In a new review in Theory & Event, Martijn Konings discusses Ivan Ascher’s Portfolio Society, likening the book to “a Capital in the Twenty-first Century for an audience that reads Jacobin rather than The Economist.” Click here to learn more about the book. Click here to read the full article. An excerpt appears below.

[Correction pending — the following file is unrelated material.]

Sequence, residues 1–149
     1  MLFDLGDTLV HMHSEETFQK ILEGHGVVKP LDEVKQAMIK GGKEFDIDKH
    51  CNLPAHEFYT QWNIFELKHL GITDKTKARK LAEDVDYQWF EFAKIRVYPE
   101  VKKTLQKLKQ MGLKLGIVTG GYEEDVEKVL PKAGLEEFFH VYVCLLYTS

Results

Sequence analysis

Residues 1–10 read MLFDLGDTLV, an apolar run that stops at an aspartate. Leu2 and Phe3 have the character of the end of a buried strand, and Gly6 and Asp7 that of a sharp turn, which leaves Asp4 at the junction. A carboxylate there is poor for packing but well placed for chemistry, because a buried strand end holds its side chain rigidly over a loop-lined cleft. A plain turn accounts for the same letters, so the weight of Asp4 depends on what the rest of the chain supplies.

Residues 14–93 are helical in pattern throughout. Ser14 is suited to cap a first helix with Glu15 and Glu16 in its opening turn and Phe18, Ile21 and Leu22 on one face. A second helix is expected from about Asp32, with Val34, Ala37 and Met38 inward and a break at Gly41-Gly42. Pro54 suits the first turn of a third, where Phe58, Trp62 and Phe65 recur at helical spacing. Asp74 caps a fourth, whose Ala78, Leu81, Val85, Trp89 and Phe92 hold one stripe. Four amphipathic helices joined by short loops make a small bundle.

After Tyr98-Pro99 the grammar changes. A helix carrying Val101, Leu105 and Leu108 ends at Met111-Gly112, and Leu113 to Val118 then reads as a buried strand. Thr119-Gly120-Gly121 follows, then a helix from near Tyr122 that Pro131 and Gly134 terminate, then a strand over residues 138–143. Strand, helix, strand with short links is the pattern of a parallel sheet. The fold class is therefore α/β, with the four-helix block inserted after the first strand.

“Ivan Ascher’s Portfolio Society: On the Capitalist Mode of Prediction is an outstanding example of the growing trend among social and political theorists to engage in serious ways with questions of political economy. It is also part of a trend within that trend to focus the analysis on questions of time, risk and futurity. The book appears in the Near Futures series published by Zone Books, which has also published Wendy Brown’s Undoing the Demos: Neoliberalism’s Stealth Revolution (2015), an intervention that has found an unusually wide audience and has done more than any other book to bring questions of neoliberalism and economics into political theory debates. … But whereas Brown is concerned with the totalizing logic of the neoliberal reconstruction of economic reason and its effects on democratic governance, Ascher’s book works in a more specifically economic register, engaging the constructivist streak of neoliberalism by training the analysis on the malleable logic of capitalism’s temporal structures—that is, the way financial capital (also referred to as “Moneybags”) shapes the future by predicting it.”